Brandi MacDonald publishes new article on ochre mining in Science Advances

Ochre pit

Ochre pit. Photo by CINDAQ.ORG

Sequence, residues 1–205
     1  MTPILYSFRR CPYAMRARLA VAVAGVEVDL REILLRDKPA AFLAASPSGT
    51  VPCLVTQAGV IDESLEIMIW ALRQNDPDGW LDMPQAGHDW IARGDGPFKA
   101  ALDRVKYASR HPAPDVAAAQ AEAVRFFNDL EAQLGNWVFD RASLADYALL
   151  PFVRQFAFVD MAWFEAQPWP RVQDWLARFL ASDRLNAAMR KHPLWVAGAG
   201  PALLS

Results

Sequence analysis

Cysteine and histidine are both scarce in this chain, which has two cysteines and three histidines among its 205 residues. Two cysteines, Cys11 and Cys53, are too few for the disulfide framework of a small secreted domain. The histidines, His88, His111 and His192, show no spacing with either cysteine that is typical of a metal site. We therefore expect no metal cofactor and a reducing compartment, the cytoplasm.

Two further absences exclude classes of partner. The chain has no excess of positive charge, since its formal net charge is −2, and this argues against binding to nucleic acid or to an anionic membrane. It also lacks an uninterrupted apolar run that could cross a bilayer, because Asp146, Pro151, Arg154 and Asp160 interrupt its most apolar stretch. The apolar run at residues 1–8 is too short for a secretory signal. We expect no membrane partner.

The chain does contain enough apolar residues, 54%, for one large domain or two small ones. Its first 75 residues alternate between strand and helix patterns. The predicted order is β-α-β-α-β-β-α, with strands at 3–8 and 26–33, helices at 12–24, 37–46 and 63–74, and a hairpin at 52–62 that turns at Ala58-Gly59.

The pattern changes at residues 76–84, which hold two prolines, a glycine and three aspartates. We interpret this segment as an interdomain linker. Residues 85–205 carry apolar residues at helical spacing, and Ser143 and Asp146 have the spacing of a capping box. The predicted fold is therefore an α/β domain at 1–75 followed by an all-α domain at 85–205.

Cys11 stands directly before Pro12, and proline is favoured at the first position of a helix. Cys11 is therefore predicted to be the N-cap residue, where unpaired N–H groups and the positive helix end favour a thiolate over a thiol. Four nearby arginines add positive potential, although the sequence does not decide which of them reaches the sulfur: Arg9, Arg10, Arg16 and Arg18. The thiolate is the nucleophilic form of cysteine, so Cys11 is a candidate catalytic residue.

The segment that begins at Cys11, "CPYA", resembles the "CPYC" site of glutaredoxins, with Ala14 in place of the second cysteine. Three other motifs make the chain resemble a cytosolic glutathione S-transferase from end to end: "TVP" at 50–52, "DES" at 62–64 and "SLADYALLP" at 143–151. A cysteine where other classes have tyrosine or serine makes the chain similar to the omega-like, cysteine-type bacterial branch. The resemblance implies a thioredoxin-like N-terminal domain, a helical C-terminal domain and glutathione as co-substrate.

Dr. Brandi MacDonald, Assistant Research Professor in the Department of Anthropology and the University of Missouri Research Reactor, is the lead author on a new article , “Paleoindian ochre mines in the submerged caves of the Yucatán Peninsula, Quintana Roo, Mexico”, published in Science Advances, a prominent scientific journal. Dr. MacDonald’s research discusses Paleoindian mining of red ochre in the Yucatan peninsula. The Paleoindians were hunters and gatherers living at the end of the last ice age that hunted extinct megafauna like mastodons and ate easily processed wild plants like nuts and tubers. The research documents the earliest known example of ochre mining in the New World, dating to the end of the last ice age between 12,000 and 10,000 years ago. The ochre was mined from three caves (Camilo Mina, Monkey Dust, and Sagitario), although the research focuses primarily on the Sagitario cave system, which extends more than 7,000 meters (4.3 miles) underground. Evidence of human activity in the cave includes debris and hammerstones from the ochre mining, fire hearths, and rock cairns and broken stalactites likely used as navigation markers in the dark cave. Light would have been a significant issue for the miners given that the nearest natural light was 200 meters away at its closest and more than 500 meters away for much of the mined area. A series of fires helped light the way to the mined area and provided light for the workers. (Charcoal from these fires is what allowed the mining activity to be dated using radiocarbon dating.) The miners also enlarged certain narrow passages in the cave to allow easier movement.